The 1987 match was notable for it's sensational finale. Kasparov approached the final game with a one point deficit, knowing that only a win would enable him to retain the title. When the game was adjourned overnight in a position where Kasparov had to win to stay champion, Spanish TV cleared its entire schedule so that the nail-biting conclusion could be watched live. A pre-internet global audience of millions was glued to their TV screens as Kasparov ground out his historic victory.
In this volume Garry Kasparov (world champion between 1985 and 2000 and generally regarded as the greatest player ever) analyses in depth the clashes from 1986 and 1987, giving his opinion on the background to the matches as well as the games themselves.
Between 1984 and 1990 Garry Kasparov and Anatoly Karpov contested five long matches for the World Championship. This fourth volume of the series 'Garry Kasparov on Modern Chess' concentrates on all the games played between the two from 1988 to the present day and features their fifth World Championship match played in New York and Lyon 1990.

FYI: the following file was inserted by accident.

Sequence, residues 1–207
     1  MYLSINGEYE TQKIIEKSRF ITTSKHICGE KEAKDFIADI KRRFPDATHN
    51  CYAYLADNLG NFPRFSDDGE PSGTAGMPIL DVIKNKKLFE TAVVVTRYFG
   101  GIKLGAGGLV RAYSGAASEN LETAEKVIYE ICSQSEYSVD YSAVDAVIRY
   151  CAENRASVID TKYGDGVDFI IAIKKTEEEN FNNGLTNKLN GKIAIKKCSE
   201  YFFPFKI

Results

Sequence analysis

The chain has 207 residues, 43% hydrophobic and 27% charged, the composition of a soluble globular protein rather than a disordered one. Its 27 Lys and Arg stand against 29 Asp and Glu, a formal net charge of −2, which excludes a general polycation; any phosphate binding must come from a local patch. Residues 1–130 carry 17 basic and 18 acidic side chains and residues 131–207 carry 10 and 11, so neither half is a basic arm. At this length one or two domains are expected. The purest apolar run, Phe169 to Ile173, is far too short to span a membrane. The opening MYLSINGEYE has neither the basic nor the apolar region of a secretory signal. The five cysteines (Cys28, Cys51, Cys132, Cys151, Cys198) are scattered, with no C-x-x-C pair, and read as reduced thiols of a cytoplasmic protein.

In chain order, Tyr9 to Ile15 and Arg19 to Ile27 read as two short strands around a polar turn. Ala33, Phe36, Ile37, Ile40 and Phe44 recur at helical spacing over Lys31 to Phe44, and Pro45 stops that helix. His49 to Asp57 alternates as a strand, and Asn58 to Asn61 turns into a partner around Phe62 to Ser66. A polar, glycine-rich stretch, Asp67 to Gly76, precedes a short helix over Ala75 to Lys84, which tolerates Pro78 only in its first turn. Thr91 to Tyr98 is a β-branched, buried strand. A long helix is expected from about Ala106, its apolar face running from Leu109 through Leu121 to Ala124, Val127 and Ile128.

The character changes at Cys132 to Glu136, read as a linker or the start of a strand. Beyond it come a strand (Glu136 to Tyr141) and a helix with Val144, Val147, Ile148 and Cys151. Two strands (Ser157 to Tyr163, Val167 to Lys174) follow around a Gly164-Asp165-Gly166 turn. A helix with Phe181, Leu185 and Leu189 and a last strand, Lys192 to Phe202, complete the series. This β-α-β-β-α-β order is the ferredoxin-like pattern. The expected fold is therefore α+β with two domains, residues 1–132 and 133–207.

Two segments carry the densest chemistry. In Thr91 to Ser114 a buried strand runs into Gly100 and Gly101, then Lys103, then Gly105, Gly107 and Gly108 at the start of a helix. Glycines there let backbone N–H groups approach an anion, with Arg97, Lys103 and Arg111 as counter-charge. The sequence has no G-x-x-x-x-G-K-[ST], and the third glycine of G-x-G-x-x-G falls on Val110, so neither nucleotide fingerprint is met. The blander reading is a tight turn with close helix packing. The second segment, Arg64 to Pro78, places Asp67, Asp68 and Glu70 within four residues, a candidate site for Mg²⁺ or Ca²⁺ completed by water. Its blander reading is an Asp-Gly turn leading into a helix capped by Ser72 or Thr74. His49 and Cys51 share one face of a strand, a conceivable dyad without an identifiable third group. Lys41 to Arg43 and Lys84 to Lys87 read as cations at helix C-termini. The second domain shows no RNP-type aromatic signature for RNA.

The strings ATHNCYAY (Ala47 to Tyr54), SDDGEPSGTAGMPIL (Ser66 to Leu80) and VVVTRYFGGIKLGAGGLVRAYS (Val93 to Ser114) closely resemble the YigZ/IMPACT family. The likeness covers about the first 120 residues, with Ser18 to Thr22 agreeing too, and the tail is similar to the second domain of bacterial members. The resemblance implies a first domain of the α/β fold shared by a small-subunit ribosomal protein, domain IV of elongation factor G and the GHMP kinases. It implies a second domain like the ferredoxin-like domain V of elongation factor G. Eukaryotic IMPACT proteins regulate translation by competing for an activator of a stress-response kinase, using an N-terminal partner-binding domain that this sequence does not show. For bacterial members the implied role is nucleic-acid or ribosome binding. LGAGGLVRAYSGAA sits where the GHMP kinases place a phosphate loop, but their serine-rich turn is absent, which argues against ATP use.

The period after 1990 was also a fascinating one in the chess world as it witnessed the emergence of a new generation of young grandmasters capable of challenging the supremacy of the two 'K's'. Between them these great champions had dominated the chess landscape for the previous two decades and it has seemed unthinkable that a major tournament could be won by a different player. Now, however, grandmasters such as Viswanathan Anand, Vassily Ivanchuk, Nigel Short, Boris Gelfand, Vladimir Kramnik and Veselin Topalov arrived on the scene and proved themselves capable of competing successfully at the very highest levels.
This period also witnessed an increasing disatisfaction amongst the world elite with the traditional ruling body, FIDE (the World Chess Federation). This led to attempts by the leading grandmasters to organise the World Championship cycle outside of FIDE's jurisdiction. In the late 1980s the Grandmasters Assocation (GMA) was created and was responsible for the organisation of the World Cup - a tournament championship of the world's leading chess players. Another organisation, the Professional Chessplayers Association (PCA) followed in 1993.
In this volume Garry Kasparov (world champion between 1985 and 2000 and generally regarded as the greatest player ever) analyses in depth all the games and matches he played against his great rival Anatoly Karpov from 1988 to the present day. Kasparov was personally involved in the creation of both the GMA and PCA and gives a fascinating insight into this important time in chess history.